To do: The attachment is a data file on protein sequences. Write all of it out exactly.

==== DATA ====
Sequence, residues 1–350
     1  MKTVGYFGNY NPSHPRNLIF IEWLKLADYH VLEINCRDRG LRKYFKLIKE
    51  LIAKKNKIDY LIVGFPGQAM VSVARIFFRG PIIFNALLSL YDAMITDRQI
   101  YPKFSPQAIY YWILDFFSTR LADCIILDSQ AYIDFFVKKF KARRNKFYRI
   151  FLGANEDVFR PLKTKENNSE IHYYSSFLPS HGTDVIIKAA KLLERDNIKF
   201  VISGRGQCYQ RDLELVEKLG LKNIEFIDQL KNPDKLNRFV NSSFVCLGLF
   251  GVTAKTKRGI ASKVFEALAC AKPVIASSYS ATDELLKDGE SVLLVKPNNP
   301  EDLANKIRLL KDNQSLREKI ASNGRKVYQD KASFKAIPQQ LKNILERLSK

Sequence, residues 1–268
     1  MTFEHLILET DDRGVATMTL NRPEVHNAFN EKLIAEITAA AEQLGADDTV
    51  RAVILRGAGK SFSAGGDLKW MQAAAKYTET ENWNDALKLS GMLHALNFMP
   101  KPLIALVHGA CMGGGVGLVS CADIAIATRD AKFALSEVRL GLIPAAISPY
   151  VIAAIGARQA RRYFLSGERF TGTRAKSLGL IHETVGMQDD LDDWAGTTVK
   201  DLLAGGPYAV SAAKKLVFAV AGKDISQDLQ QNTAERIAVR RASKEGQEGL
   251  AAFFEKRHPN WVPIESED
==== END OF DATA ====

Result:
Sequence, residues 1–350
     1  MKTVGYFGNY NPSHPRNLIF IEWLKLADYH VLEINCRDRG LRKYFKLIKE
    51  LIAKKNKIDY LIVGFPGQAM VSVARIFFRG PIIFNALLSL YDAMITDRQI
   101  YPKFSPQAIY YWILDFFSTR LADCIILDSQ AYIDFFVKKF KARRNKFYRI
   151  FLGANEDVFR PLKTKENNSE IHYYSSFLPS HGTDVIIKAA KLLERDNIKF
   201  VISGRGQCYQ RDLELVEKLG LKNIEFIDQL KNPDKLNRFV NSSFVCLGLF
   251  GVTAKTKRGI ASKVFEALAC AKPVIASSYS ATDELLKDGE SVLLVKPNNP
   301  EDLANKIRLL KDNQSLREKI ASNGRKVYQD KASFKAIPQQ LKNILERLSK

Sequence, residues 1–268
     1  MTFEHLILET DDRGVATMTL NRPEVHNAFN EKLIAEITAA AEQLGADDTV
    51  RAVILRGAGK SFSAGGDLKW MQAAAKYTET ENWNDALKLS GMLHALNFMP
   101  KPLIALVHGA CMGGGVGLVS CADIAIATRD AKFALSEVRL GLIPAAISPY
   151  VIAAIGARQA RRYFLSGERF TGTRAKSLGL IHETVGMQDD LDDWAGTTVK
   201  DLLAGGPYAV SAAKKLVFAV AGKDISQDLQ QNTAERIAVR RASKEGQEGL
   251  AAFFEKRHPN WVPIESED